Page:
This Sunday, the Church slows things down and enters back into a self-described Ordinary Time. All of the major feasts have passed, and believers are now invited to walk again with the Lord Jesus and re-hear his Gospel message of love and mercy. In order to mark the shift, the Church clothes herself in green, the color of hope and growth. Always a teacher, the Church takes on externally what believers should foster internally.

With this Ordinary Time, this season of growth, the Church uses the Gospel readings at Mass to highlight the basic teachings, parables, and miracles of the Lord’s public ministry. With this focus, the Gospel this weekend takes us to Cana.

The epiphany – which is the manifestation – of the Lord Jesus to the nations has always been seen as a triptych of events: the visit of the Magi, the baptism of the Lord, and the first miracle at Cana. Having celebrated the first two, the Church begins Ordinary Time with a visit to Cana of Galilee. Even as she concludes the series of epiphanies, the Church recounts a pivotal miracle of the Lord.

Why of all the events in the Lord’s life would the Church give us Cana? What essential lesson does this miracle hold for us today?

Saint John tells us that Jesus went to Cana for a wedding. He was there as a guest. Mary, his mother, was also there. She was one of the first to realize that the newly married couple had stretched themselves too thin and that they would soon run out of wine.

The same mother who tempered the Lord’s zeal when, at the age of twelve, he was ready to be about his Father’s business, now approached him with the oncoming embarrassment of the young couple and commanded that he do something. The Lord was hesitant, “My hour has not yet come.” Mary, however, was persistent. In her last recorded words in the Scriptures, she commanded the servants, “Do whatever [Jesus] tells you.”

In response to his mother’s promptings, and out of charity to the young couple, the Lord works his first public sign. In doing so, he is beginning his saving work as the Anointed One. By this powerful and inaugural miracle, Jesus is applying the graces of his Paschal Mystery to marriage itself and elevates it to the dignity of a sacrament.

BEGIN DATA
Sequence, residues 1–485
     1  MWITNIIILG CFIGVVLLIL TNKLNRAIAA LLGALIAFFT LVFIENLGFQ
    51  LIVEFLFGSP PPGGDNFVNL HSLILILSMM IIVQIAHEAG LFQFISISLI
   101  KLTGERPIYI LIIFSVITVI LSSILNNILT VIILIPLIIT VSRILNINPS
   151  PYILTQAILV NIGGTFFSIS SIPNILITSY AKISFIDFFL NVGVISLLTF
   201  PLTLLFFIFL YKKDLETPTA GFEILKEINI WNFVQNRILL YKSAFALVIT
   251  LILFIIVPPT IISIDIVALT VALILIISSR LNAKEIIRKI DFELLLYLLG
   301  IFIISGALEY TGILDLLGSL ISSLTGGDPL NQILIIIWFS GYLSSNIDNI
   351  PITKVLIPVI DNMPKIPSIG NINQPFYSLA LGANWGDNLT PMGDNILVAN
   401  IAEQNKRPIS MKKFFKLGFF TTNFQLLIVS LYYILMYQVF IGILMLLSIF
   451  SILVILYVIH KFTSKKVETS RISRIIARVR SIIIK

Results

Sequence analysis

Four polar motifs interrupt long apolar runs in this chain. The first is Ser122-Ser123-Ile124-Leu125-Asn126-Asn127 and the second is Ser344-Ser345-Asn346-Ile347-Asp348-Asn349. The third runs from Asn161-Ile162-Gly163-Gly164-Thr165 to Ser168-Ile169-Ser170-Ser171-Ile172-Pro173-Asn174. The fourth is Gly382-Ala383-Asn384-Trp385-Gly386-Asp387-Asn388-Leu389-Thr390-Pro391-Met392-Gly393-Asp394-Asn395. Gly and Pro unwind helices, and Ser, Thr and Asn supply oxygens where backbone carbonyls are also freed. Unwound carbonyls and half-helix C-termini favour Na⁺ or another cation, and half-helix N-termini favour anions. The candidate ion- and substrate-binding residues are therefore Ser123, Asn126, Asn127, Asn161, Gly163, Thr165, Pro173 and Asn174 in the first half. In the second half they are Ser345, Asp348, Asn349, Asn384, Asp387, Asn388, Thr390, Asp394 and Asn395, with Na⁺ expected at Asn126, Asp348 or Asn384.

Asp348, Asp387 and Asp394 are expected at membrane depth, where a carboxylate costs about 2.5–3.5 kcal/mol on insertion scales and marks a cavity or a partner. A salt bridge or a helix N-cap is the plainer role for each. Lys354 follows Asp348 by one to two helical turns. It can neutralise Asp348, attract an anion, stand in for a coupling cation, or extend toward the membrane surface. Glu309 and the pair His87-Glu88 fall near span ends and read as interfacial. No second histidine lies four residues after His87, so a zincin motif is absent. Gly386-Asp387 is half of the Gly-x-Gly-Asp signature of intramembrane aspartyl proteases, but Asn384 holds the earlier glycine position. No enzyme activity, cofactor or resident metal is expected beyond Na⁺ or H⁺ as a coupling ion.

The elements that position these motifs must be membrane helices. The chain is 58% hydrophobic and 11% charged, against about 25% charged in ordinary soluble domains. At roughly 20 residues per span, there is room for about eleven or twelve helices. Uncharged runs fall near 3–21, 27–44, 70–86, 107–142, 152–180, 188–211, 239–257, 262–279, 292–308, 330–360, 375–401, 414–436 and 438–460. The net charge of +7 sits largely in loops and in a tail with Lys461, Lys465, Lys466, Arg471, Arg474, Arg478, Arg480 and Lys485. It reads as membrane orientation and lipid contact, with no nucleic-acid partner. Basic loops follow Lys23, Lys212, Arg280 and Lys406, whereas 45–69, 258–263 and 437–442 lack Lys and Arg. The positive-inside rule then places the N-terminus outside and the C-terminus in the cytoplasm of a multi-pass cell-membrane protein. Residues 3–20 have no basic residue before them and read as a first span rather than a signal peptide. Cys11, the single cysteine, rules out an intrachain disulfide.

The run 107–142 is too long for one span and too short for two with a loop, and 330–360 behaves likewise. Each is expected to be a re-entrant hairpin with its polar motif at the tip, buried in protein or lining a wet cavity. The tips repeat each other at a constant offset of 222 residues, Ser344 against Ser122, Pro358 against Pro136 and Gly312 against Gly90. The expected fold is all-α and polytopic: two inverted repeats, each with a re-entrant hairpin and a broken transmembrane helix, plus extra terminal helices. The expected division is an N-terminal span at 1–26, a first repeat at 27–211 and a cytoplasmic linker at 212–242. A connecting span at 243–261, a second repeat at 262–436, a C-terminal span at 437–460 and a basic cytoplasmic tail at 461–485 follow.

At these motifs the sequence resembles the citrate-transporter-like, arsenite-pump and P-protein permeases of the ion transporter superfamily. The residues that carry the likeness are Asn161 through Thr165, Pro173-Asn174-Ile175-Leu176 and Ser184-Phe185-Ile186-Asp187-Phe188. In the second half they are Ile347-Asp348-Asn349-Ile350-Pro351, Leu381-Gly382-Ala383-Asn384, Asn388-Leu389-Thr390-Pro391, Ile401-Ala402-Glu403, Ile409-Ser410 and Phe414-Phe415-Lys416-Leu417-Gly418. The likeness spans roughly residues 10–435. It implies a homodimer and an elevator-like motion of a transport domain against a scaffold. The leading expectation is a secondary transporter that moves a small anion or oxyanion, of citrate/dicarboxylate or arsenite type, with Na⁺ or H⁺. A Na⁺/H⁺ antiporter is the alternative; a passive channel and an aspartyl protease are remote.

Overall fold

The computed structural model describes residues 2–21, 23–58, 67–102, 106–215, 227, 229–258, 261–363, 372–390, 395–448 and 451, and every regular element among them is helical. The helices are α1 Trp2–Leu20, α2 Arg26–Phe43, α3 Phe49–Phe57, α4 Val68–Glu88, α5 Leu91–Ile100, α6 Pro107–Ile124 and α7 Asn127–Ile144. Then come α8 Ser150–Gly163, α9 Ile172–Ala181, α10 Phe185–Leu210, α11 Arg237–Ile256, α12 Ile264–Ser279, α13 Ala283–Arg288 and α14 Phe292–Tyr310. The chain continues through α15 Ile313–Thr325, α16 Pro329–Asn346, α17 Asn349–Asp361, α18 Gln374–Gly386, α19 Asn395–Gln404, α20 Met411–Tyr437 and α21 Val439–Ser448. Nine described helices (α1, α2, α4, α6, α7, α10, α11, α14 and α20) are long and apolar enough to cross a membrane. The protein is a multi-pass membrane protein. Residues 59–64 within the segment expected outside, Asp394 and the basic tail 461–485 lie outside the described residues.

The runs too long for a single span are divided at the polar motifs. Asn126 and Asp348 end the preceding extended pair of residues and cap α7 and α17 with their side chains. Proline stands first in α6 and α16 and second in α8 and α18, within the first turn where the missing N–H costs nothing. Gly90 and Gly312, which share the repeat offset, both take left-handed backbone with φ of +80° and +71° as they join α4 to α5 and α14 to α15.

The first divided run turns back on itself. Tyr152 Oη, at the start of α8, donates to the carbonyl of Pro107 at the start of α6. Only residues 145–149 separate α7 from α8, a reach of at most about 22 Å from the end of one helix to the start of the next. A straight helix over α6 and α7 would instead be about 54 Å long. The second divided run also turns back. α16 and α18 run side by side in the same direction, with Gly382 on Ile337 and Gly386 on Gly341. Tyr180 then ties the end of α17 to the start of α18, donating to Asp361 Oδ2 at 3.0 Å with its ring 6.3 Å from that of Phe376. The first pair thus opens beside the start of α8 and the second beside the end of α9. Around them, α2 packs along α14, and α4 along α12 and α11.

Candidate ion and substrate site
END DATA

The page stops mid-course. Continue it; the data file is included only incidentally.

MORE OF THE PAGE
This is an inspiring action for all those called to Holy Matrimony. But the miracle has another lesson for all people of goodwill, whether they’re called to marriage or not. And what is this lesson?

The first miracle, a beautiful nuptial miracle, is the changing of water into wine. The water, however, was not regular water. No, it was the dirty water that was used for the practical and ritual washing of the feet of guests as they arrived from their diverse methods of travel.

Many of the guests would have walked in sandals and there would have been dirt, mud and animal feces on their feet. All of this would have been washed clean by specific barrels of water. It was precisely these barrels, cared for by the steward of the feast, that the Lord used for his first miracle.

The Lord’s miracle turned this foul water into the choicest of wines. Beyond the miracle, which would have been unknown to many, the guests were shocked that the best wine was served last. The popular custom, born from prudence, would have called for a lower quality of wine to be served last since the wedding guests would be tipsy and less attentive to the degree of wine.

The Lord, however, surprises everyone. Not only does he turn water into wine, but he turns revolting water into the best wine.

This observation gives us the more pressing lesson: As with the water to wine, so the Lord can turn any darkness into light, any brokenness into something beautiful, and any sin into an occasion of grace. Falleness can be raised to unimaginable heights in Jesus Christ. In the sign of Cana, Jesus shows himself to be the Lord of second chances and the God of a new creation.

Cana reminds all people of goodwill that we are not the sum total of our sins. The miraculous wine offers us the delight of a new awareness and a new opportunity to start over.

And so, the epiphany series comes to a crescendo and Ordinary Time has begun. We are taken to Cana and shown a miracle. In this event, a new beginning is opened to us.

What will we do with it?